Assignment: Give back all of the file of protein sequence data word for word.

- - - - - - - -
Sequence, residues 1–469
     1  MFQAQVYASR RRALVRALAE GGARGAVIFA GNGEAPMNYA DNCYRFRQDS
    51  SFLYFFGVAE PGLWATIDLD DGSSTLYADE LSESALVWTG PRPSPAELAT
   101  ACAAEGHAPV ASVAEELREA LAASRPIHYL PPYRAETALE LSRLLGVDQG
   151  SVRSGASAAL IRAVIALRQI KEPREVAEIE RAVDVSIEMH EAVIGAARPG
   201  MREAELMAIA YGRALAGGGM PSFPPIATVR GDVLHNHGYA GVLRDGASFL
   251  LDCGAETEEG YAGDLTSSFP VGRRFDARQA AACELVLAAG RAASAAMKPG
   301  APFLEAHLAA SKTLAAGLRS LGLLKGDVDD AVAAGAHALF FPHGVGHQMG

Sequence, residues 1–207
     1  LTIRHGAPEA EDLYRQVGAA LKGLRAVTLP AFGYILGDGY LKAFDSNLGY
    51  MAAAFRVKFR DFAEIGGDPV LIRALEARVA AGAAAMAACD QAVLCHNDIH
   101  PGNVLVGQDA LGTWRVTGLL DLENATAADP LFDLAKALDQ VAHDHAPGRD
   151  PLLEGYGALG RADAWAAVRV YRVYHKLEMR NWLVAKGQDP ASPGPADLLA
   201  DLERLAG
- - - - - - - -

Sequence, residues 1–469
     1  MFQAQVYASR RRALVRALAE GGARGAVIFA GNGEAPMNYA DNCYRFRQDS
    51  SFLYFFGVAE PGLWATIDLD DGSSTLYADE LSESALVWTG PRPSPAELAT
   101  ACAAEGHAPV ASVAEELREA LAASRPIHYL PPYRAETALE LSRLLGVDQG
   151  SVRSGASAAL IRAVIALRQI KEPREVAEIE RAVDVSIEMH EAVIGAARPG
   201  MREAELMAIA YGRALAGGGM PSFPPIATVR GDVLHNHGYA GVLRDGASFL
   251  LDCGAETEEG YAGDLTSSFP VGRRFDARQA AACELVLAAG RAASAAMKPG
   301  APFLEAHLAA SKTLAAGLRS LGLLKGDVDD AVAAGAHALF FPHGVGHQMG

Sequence, residues 1–207
     1  LTIRHGAPEA EDLYRQVGAA LKGLRAVTLP AFGYILGDGY LKAFDSNLGY
    51  MAAAFRVKFR DFAEIGGDPV LIRALEARVA AGAAAMAACD QAVLCHNDIH
   101  PGNVLVGQDA LGTWRVTGLL DLENATAADP LFDLAKALDQ VAHDHAPGRD
   151  PLLEGYGALG RADAWAAVRV YRVYHKLEMR NWLVAKGQDP ASPGPADLLA
   201  DLERLAG